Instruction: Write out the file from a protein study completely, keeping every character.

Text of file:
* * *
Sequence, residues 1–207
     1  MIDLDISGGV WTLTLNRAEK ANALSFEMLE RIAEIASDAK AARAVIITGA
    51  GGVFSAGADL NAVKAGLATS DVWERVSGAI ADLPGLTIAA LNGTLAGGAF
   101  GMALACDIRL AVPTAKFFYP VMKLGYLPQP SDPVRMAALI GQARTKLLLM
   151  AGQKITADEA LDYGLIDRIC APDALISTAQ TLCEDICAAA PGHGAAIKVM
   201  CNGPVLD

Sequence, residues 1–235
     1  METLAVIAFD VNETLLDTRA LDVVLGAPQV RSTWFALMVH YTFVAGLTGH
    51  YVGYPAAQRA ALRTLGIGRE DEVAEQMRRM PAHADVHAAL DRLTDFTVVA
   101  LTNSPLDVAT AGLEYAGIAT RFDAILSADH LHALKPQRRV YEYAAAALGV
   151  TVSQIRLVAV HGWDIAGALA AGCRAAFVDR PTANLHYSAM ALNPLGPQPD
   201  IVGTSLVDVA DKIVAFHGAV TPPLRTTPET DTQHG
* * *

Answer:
Sequence, residues 1–207
     1  MIDLDISGGV WTLTLNRAEK ANALSFEMLE RIAEIASDAK AARAVIITGA
    51  GGVFSAGADL NAVKAGLATS DVWERVSGAI ADLPGLTIAA LNGTLAGGAF
   101  GMALACDIRL AVPTAKFFYP VMKLGYLPQP SDPVRMAALI GQARTKLLLM
   151  AGQKITADEA LDYGLIDRIC APDALISTAQ TLCEDICAAA PGHGAAIKVM
   201  CNGPVLD

Sequence, residues 1–235
     1  METLAVIAFD VNETLLDTRA LDVVLGAPQV RSTWFALMVH YTFVAGLTGH
    51  YVGYPAAQRA ALRTLGIGRE DEVAEQMRRM PAHADVHAAL DRLTDFTVVA
   101  LTNSPLDVAT AGLEYAGIAT RFDAILSADH LHALKPQRRV YEYAAAALGV
   151  TVSQIRLVAV HGWDIAGALA AGCRAAFVDR PTANLHYSAM ALNPLGPQPD
   201  IVGTSLVDVA DKIVAFHGAV TPPLRTTPET DTQHG